WHO: MERS virus isn't an emergency—yet (Update)

by Maria Cheng
A Muslim pilgrim wears a surgical mask to help prevent infection from a respiratory virus known as the Middle East Respiratory Syndrome (MERS) in the holy city of Mecca, Saudi Arabia, Tuesday May, 13, 2014. Saudi health authorities reported another five deaths Tuesday from MERS that has sickened hundreds and killed over 150 people. (AP Photo/Hasan Jamali)

The spread of a puzzling respiratory virus in the Middle East and beyond doesn't yet constitute a global health emergency despite a recent spike in cases, the World Health Organization said Wednesday.

The decision was made after a meeting of WHO's expert group on the Middle East respiratory syndrome, or MERS.

Since 2012, MERS has sickened more than 500 people and killed 145, mostly in the Middle East. The vast majority of cases have been in Saudi Arabia, although the disease has spread within the region and to Asia, North Africa, Europe and the United States.

MERS often starts with flu-like symptoms but can lead to pneumonia, breathing problems and in severe cases, kidney failure and death.

"Calling a global emergency in a world which has a lot of urgent issues going on is a major act," Dr. Keiji Fukuda, an assistant director-general of WHO, told reporters Wednesday. "You have to have really solid information to say this is a global emergency."

Fukuda said there wasn't yet proof of the virus' sustained transmission among people.

Last week WHO did declare the world's widening polio outbreaks to be an international health emergency.

Some scientists said while MERS technically meets the criteria for a global health emergency, declaring it as such could confuse the public.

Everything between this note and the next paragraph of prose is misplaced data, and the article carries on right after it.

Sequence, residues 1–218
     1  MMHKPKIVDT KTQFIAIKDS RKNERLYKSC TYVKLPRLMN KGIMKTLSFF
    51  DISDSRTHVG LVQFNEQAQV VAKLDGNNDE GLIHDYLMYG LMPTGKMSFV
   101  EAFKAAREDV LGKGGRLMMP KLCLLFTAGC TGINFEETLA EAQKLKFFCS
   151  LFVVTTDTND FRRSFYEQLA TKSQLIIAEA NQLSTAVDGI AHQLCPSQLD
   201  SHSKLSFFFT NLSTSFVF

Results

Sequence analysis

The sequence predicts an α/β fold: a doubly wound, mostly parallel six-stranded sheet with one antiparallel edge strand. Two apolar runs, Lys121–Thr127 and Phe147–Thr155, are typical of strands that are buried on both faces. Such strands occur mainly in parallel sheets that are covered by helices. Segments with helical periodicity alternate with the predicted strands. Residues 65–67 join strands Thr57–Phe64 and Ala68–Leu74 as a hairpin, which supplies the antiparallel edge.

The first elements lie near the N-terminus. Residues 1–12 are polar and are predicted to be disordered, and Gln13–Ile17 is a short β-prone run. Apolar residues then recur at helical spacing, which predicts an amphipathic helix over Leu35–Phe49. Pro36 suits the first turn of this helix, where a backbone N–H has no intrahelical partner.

Dr. Antonio Crespo, MD, the Chief Quality officer at Dr. P. Phillips Hospital, answers questions during a news conference to provide an update on the first MERS, or Middle East Respiratory Syndrome case in Fla., Tuesday, May 13, 2014, in Orlando, Fla. Fifteen hospital workers at Dr. Phillip Hospital and another five employees at Orlando Regional Medical Center were being monitored at home for fever, chills and muscle aches, said Crespo. So far, none of them have tested positive for MERS, or Middle East Respiratory Syndrome. (AP Photo)

"People might think (WHO) is crying wolf because MERS is still primarily a problem in the Middle East," said Michael Osterholm, an infectious diseases expert at the University of Minnesota who has worked in the Middle East. "But if one of those infected people gets on a plane and lands in London, Toronto, New York or Hong Kong and transmits to another 30 people, everyone will have a different view."

On Wednesday, the Netherlands' National Institute for Public Health and the Environment announced its first case of MERS, a man who became infected during a visit to Saudi Arabia. He is now in isolation at a hospital in The Hague. Saudi Arabia's health ministry also reported five more MERS deaths on Wednesday. In the past 24 hours, the kingdom has identified 16 new cases in Riyadh, Jiddah and Medina.

Some experts say the spread of MERS is worryingly similar to the 2003 global outbreak of Severe Acute Respiratory Syndrome or SARS, which infected about 8,000 people in 2003, killing nearly 800. MERS is genetically related to SARS.

Scientists are unsure exactly how people are catching MERS but suspect the disease is linked to camels. WHO recommends that people avoid contact with the animals, skip drinking camel milk or using camel urine in traditional medicines and only eat camel meat that has been well cooked.

Dr. Clemens Wendtner, who treated a German MERS patient in Munich last year, said the current spread of MERS should not set off a global alarm. He was not part of the WHO meeting.

"I do not see an international threat or a pandemic (being caused) by MERS," he wrote in an email. He said the spread of MERS to humans was still exceptional and that the disease was mostly affecting animals.

WHO said its expert committee would reconvene in several weeks to consider any new MERS developments.

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